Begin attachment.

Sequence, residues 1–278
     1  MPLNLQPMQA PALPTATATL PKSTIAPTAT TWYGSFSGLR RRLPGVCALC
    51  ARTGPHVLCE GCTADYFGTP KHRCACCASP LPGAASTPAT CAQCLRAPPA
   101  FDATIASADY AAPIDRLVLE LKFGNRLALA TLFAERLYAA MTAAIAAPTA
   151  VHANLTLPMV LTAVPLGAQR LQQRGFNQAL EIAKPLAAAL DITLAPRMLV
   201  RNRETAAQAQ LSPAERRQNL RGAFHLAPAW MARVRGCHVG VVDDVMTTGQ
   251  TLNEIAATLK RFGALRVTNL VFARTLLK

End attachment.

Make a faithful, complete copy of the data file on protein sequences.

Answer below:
Sequence, residues 1–278
     1  MPLNLQPMQA PALPTATATL PKSTIAPTAT TWYGSFSGLR RRLPGVCALC
    51  ARTGPHVLCE GCTADYFGTP KHRCACCASP LPGAASTPAT CAQCLRAPPA
   101  FDATIASADY AAPIDRLVLE LKFGNRLALA TLFAERLYAA MTAAIAAPTA
   151  VHANLTLPMV LTAVPLGAQR LQQRGFNQAL EIAKPLAAAL DITLAPRMLV
   201  RNRETAAQAQ LSPAERRQNL RGAFHLAPAW MARVRGCHVG VVDDVMTTGQ
   251  TLNEIAATLK RFGALRVTNL VFARTLLK